Newspaper column: How the margins tax on the 2014 ballot would harm businesses

Voters will be asked next November whether to impose a 2 percent margins tax on Nevada businesses that have gross revenues in excess of $1 million, a proposal put forward by the Nevada State Education Association as a means of funding K-12 education.

Business leaders will soon be starting a campaign warning voters about the harm this tax would do to businesses, as reported in this week’s newspaper column, available online at The Ely Times and the Elko Daily Free Press.

“It will have a huge impact on our members that have revenue of a million dollars, which in a small business is not that large,” warns Bryan Wachter, director of public and government affairs for the Nevada Retailers Association. “They allow you to have a deduction for cost of goods sold, you can deduct compensation, or you can take a standard 30 percent deduction. They let you take that and then you apply the tax to that number. The problem with that is it completely ignores how a small business operates.”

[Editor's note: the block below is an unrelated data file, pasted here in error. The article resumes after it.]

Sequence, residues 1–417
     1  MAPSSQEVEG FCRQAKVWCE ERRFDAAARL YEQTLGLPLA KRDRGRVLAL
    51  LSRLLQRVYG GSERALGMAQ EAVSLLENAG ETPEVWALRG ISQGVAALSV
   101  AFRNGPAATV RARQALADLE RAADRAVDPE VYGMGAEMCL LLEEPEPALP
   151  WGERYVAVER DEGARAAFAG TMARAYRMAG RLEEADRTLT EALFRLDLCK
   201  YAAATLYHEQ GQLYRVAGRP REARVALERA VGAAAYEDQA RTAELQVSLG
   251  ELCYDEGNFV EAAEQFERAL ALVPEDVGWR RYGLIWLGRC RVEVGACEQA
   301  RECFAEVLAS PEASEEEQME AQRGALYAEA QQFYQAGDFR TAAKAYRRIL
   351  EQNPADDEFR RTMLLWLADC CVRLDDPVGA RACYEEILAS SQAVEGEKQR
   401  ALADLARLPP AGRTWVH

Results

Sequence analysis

Wachter said there is no deduction of anything else that goes to the bottom line of a business, such as rent and utility costs. Though a business incurs both compensation and cost of goods sold, it must choose one or the other to deduct and not both.

He said a small business that sells $1 million in goods might have a profit of only $60,000 a year. “When you have a tax that could potentially come in at $15,000 or $30,000, you’re putting a lot of businesses in a position where they have to choose to stay in business or not stay in business,” Wachter said.

The retailers are a part of the Committee to Protect Nevada Jobs, which also includes gaming, trucking, agriculture, banks, car dealers, restaurants, manufacturers and more.

Carole Vilardo, president of the Nevada Taxpayers Association, said businesses will treat the tax as just another expense of doing business.

“When I go to my accountant and calculate all my expenses, he comes back and says to me, ‘Your margin is not enough.’ I have a couple of things I can do. I can raise my prices, if the competition will let me, which means you, John Q. Public, is going to pay my taxes that I have to pay. Or I can freeze salaries. I can reduce hours of employees. I cannot hire for vacancies that I had. In the worst-case scenario I may have to let go an employee or two. …” she said.

Read the entire column at Ely or Elko website.